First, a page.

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Modern African Poetry and the African Predicament by R. N. Egudu (auth.)

By R. N. Egudu (auth.)

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E. pursuing an ideal honour and devotion), singing all the time. His fight is purely psychological, not physical, for he puts up an attitude which his oppressors would least expect and which would disconcert them. The emotional tension is palpable; to find 'motion' sweeter than 'rest' is in fact to have no rest. The conceit is as effective here as that used by John Donne when he wrote 'Until 1 labour, 1 in labour lie', in the poem 'Elegie: Going to Bed'. Like W. B. Yeats, Brutus is pursuing his mask, his anti-self or that which is least like him.

The priests and teachers alike use their religious positions to attract girls who give them carnal pleasure: They have sharp eyes For girls' full breasts; Even the padres Who are not allowed To marry Are troubled by health, Even the fat-stomached Who cannot see His belly-button Feels better When he touches A girl's breasts, And those who listen To the confessions Peep through the pot-hole And stab the breasts With their glances. Though these vices may not be peculiar to foreign priests, the point is that the whole religious system was transported to Africa by them.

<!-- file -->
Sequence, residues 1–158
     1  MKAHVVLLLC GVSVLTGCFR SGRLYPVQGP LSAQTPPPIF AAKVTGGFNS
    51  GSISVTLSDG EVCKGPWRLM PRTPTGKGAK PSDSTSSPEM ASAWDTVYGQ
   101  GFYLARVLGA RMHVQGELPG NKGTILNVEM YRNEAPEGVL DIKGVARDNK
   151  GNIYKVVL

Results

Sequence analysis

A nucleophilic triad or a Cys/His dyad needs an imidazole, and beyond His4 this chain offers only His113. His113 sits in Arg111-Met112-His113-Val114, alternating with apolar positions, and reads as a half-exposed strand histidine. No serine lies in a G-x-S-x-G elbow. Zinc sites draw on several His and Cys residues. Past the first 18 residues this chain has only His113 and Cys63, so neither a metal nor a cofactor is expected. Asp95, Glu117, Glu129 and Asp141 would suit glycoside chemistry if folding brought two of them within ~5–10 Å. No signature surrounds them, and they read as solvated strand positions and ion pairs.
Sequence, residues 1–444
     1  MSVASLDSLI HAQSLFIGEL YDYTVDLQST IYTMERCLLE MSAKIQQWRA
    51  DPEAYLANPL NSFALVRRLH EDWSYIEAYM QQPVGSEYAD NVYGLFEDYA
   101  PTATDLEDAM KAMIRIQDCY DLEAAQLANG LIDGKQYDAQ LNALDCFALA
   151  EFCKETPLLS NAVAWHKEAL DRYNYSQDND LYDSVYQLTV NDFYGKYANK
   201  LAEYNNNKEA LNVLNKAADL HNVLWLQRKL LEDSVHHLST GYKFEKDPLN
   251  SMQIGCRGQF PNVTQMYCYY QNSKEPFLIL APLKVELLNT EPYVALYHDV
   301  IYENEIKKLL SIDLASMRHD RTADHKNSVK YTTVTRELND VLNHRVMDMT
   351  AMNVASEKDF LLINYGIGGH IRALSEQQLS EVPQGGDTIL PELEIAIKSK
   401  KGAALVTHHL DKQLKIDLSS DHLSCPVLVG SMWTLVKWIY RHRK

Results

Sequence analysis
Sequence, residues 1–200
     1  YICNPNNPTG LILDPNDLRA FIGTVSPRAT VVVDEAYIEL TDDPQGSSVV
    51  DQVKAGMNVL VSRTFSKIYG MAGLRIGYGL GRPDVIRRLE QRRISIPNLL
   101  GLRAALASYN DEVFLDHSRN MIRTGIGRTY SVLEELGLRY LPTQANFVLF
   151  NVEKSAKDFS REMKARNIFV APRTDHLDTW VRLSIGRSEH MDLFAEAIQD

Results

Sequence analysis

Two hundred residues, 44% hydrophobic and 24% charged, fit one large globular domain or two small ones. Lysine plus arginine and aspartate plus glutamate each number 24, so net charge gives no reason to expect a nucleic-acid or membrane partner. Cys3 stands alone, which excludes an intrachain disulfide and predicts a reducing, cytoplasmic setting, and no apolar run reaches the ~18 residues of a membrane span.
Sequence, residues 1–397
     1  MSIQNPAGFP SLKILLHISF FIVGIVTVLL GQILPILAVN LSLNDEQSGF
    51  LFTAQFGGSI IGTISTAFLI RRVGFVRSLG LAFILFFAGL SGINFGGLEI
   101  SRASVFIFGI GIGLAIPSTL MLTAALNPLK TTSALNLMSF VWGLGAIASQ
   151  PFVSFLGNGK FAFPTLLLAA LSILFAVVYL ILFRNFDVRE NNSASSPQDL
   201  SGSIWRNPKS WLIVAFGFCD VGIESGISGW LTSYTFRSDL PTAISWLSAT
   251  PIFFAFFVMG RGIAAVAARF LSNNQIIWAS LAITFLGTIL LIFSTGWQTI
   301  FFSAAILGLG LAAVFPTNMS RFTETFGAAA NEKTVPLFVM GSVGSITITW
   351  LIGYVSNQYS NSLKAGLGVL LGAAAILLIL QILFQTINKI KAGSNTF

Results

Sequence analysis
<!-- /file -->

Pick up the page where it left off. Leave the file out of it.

Similarly he could only moan when he was refused a passport for leaving his country which he describes as 'a land of problems' where he has 'tasted contumely/because my crust is black and hard' ('Song for a Passport', p. 30). And in 'Identity' (p. 75) he sings of the futility which punctuates his life. Even the 'urges' that are natural and 'fashionable' tum 'sterile' in him. And when he 'vaguely' declines some gentlemen's invitation to homosexuality, he sees it as want of selfconfidence and his general inadequacy: Can I speak of probity, who now work for the garbage man, stuffing the bin full of tissue paper, sugar packets ...

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